Cybernet News has discovered a way for students to get Windows 7 Professional really, really dirt cheap. While consumers will be required to shell out up to $299.99 for a retail copy of the Professional version next month, students will only need to fork over a whopping $19. The catch is that high school and undergraduate students must prove a focus in science, technology, engineering, or mathematics in order to get the discount "cheat" to work.
The "cheat" in question actually applies to students who are not already enrolled in the MSDN Academic Alliance, a program for universities that grant access to "hundreds" of Microsoft products free of charge. Apparently, students can join the Association for Computing Machinery (ACM) for the $19 pricetag instead. The ACM thus provides the entire MSDN-AA catalog, including both the 32-bit and 64-bit versions of Windows 7 Professional in four languages. Ultimately, students will receive eight individual keys that work on all eight versions (32-bit and 64-bit for each language).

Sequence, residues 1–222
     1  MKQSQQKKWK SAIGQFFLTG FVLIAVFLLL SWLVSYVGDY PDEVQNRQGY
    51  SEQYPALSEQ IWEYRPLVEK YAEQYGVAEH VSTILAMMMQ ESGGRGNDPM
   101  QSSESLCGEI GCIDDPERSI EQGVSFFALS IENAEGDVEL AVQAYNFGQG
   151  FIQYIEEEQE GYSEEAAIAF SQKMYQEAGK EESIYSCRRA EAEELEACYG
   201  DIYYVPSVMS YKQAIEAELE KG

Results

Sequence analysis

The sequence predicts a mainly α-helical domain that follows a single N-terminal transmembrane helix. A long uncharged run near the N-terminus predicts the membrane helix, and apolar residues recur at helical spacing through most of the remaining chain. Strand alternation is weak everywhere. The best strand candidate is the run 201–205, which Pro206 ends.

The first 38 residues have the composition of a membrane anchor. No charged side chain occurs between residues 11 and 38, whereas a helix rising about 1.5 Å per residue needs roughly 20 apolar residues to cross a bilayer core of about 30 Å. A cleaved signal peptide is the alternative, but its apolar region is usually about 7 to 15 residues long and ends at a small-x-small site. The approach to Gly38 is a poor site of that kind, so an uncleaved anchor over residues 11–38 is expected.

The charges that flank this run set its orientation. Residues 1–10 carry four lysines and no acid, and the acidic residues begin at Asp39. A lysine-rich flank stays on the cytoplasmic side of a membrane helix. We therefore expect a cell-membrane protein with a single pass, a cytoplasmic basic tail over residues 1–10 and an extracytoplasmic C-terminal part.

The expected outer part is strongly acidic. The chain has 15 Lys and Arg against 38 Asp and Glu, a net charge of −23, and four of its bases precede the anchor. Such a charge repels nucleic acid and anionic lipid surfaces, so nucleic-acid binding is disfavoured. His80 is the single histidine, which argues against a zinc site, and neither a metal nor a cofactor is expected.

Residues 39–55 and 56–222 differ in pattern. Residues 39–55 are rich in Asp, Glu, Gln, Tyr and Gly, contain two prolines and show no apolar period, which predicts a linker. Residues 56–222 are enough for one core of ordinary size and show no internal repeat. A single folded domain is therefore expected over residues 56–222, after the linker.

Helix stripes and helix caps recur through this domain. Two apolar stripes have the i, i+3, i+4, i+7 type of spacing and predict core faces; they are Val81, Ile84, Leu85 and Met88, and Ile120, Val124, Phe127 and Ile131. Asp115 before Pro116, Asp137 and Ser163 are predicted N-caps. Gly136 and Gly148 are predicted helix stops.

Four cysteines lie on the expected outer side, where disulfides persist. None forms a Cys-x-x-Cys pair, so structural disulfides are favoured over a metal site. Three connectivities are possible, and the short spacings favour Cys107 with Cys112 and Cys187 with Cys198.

"This offer is technically for students taking STEM (science, technology, engineering, mathematics) classes," reads this blog on Overclock.net. "They do not verify your information as of yet, but I cannot encourage you to lie in order to get access."
Windows 7 RTM was already introduced to students registered on Microsoft's MSDN-AA back on August 6th, 2009 when the company offered the OS to all MSDN and TechNet subscribers. However, according to the Overclock blog, students are experiencing problems downloading Windows 7 via MSDN-AA and ACM.
UPDATE: Recently I've received a few emails stating that the MDAA package for students no longer offers any version of Windows 7. "Please note: The Microsoft Developer Academic Alliance package offered to Student Members DOES NOT CONTAIN ANY VERSION OF Windows 7," says the company.